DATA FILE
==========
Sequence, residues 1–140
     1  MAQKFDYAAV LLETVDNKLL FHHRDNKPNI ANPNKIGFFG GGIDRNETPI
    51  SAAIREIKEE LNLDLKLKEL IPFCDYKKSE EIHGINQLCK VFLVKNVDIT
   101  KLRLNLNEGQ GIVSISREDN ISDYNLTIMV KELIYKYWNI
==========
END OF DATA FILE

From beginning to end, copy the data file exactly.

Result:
Sequence, residues 1–140
     1  MAQKFDYAAV LLETVDNKLL FHHRDNKPNI ANPNKIGFFG GGIDRNETPI
    51  SAAIREIKEE LNLDLKLKEL IPFCDYKKSE EIHGINQLCK VFLVKNVDIT
   101  KLRLNLNEGQ GIVSISREDN ISDYNLTIMV KELIYKYWNI